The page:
Thursday, May 27, 2010

Another deceptive mailer sent to Democratic voters

The flyer that was mailed to my house sure looks like it came from the Democratic Party; it says in large capital letters, "VOTER INFORMATION GUIDE FOR DEMOCRATS." It contains color photos of Jerry Brown and Barbara Boxer.

But Democrats don't support Proposition 16. So why does this deceptive flyer urge me to vote to help energy companies?

I think the flyer was paid for by friends of Pacific Gas & Electric, which is hoping to prevent municipalities from providing energy to citizens. After the energy companies caused the horrible California financial crisis of 2000-2001, they should allow citizens to defend themselves from unscrupulous corporations who are happy to plunge an entire state into crisis in order to increase profits.*

This kind of deception is why voters need good reading and thinking skills, and this deception may also explain why those in power allow (or perhaps encourage?) our failing education system to continue shortchanging children. It's shocking to me that the biggest changes have merely led to privatization of education, not real change. We now have a bunch of failing charter schools in addition to failing public schools. The success rate hasn't changed significantly, and I don't think it will until we change how teachers are evaluated.
*From Wikipedia:

The California electricity crisis, also known as the Western U.S. Energy Crisis, of 2000 and 2001 was a situation where California had an artificial shortage of electricity. The state suffered from multiple large-scale black-outs, one of the state's largest energy companies collapsed, and the economic fall-out greatly harmed Governor Gray Davis's standing.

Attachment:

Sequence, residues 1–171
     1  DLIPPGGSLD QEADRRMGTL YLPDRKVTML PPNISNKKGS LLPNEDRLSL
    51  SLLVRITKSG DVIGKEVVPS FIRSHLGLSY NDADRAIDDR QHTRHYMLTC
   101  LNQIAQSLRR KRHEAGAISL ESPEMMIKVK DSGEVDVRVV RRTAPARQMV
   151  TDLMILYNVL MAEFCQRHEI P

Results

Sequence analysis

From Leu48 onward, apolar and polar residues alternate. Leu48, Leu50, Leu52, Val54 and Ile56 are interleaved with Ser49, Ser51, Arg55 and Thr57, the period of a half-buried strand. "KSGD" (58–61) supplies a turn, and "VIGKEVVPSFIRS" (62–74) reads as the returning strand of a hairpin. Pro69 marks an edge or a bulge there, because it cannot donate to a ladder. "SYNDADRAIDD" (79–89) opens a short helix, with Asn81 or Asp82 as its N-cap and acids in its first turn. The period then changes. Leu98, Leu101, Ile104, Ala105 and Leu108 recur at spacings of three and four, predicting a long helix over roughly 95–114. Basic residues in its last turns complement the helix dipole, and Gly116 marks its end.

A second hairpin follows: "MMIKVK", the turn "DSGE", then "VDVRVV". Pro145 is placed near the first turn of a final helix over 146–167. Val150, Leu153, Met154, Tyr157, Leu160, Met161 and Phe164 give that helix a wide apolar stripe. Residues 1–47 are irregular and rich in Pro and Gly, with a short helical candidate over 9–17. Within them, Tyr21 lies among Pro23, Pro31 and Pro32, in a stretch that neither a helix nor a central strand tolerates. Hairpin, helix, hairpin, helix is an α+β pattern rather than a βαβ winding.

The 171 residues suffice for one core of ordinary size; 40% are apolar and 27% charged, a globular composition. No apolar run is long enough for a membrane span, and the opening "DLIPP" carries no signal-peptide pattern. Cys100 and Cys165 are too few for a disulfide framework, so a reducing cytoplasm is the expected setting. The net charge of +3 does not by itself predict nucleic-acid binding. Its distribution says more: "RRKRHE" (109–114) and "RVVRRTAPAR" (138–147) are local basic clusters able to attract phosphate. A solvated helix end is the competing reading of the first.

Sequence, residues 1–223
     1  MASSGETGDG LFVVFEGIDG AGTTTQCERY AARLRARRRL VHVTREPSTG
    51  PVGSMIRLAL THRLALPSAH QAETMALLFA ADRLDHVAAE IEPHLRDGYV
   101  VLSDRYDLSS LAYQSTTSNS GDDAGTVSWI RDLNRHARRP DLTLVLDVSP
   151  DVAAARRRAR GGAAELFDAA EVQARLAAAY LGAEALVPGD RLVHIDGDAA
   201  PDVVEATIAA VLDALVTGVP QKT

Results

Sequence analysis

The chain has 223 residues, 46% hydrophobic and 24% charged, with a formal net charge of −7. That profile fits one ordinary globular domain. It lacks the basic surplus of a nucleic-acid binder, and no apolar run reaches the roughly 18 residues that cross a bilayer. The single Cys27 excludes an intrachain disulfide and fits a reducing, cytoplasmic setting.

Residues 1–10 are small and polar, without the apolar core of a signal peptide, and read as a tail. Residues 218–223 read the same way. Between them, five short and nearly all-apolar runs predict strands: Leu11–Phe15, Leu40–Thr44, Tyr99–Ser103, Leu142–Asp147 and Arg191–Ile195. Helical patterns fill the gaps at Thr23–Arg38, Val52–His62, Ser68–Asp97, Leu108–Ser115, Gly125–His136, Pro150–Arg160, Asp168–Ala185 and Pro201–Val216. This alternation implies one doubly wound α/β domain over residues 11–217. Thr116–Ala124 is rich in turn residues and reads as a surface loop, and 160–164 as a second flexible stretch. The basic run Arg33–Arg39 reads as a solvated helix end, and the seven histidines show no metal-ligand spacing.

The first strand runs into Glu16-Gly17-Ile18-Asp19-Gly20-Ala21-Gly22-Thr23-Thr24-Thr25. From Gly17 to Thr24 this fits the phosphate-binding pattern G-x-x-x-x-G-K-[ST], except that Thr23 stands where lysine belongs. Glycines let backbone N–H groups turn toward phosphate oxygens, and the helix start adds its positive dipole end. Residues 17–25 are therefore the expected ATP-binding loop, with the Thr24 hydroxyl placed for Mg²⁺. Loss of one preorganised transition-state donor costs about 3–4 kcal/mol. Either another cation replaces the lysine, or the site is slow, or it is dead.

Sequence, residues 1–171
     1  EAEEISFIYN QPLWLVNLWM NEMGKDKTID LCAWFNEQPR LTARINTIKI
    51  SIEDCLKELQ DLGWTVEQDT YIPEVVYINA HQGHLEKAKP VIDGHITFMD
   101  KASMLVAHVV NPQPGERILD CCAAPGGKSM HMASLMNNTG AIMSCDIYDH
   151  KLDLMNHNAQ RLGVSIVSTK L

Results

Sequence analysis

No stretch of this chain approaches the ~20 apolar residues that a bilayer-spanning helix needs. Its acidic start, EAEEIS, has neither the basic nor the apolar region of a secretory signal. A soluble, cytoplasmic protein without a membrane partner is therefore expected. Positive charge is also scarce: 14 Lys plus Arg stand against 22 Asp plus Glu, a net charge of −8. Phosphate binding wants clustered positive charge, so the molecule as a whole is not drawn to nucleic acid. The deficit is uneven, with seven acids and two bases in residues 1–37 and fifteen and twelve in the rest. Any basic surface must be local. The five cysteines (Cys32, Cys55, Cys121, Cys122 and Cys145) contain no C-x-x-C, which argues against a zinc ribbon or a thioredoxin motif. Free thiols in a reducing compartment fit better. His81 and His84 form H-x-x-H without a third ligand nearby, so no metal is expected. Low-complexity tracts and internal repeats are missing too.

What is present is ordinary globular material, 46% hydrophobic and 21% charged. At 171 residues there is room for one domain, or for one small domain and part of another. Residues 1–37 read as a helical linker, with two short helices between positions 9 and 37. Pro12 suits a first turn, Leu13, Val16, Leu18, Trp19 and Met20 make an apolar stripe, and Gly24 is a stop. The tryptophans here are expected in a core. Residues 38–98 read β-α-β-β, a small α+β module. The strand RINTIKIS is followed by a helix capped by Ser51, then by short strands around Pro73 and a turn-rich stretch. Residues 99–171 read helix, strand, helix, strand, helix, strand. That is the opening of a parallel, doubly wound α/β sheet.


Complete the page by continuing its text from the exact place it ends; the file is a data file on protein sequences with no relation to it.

Artificial supply shortage was created by gratuitously taking power plants offline for (unnecessary) "maintenance" on hot summer days of peak demand. Rolling blackouts adversely affected many businesses dependent upon a reliable supply of electricity, and inconvenienced a large number of retail consumers. This demand supply gap was further exploited by energy companies, mainly Enron. Enron traders were thus able to sell power at premium prices, sometimes up to a factor of 20x its normal peak value. State cap on retail electricity charges squeezed the industry's revenue margins, causing the bankruptcy of Pacific Gas and Electric Company (PG&E) and near bankruptcy of Southern California Edison in early 2001.

The financial crisis was possible because of deregulation legislation instituted in 1996 by Governor Pete Wilson (Republican). Enron took advantage of this deregulation and was involved in economic withholding and inflated price bidding in California's spot markets. The crisis cost $40bn to $45bn...

Tuesday, May 25, 2010

Would Lorie Zapf bring "strategic fraud" to City Council?

Would Lorie Zapf bring "strategic fraud" to City Council?
by Pat Flannery
Blog of San Diego
May 24, 2010

Lorie Zapf, a candidate for City Council District 6, is attempting to turn a bust into a boon. Last week Dave Maass of CityBeat broke a story busting her for being in default on her family home in Clairemont. Responding to CityBeat Ms. Zapf tried to paint herself as the champion of all families who are attempting to negotiate a modification of their mortgage with their lender.

Maass asked me for my (real estate) opinion on the veracity of Zapf's claim, that "strategic defaults" are now commonplace. I told him it was "B.S." Lenders do not modify loans for borrowers who have the means to make their payments. Modification is for families who have genuine hardship, not slick real estate professionals like Zapf's husband.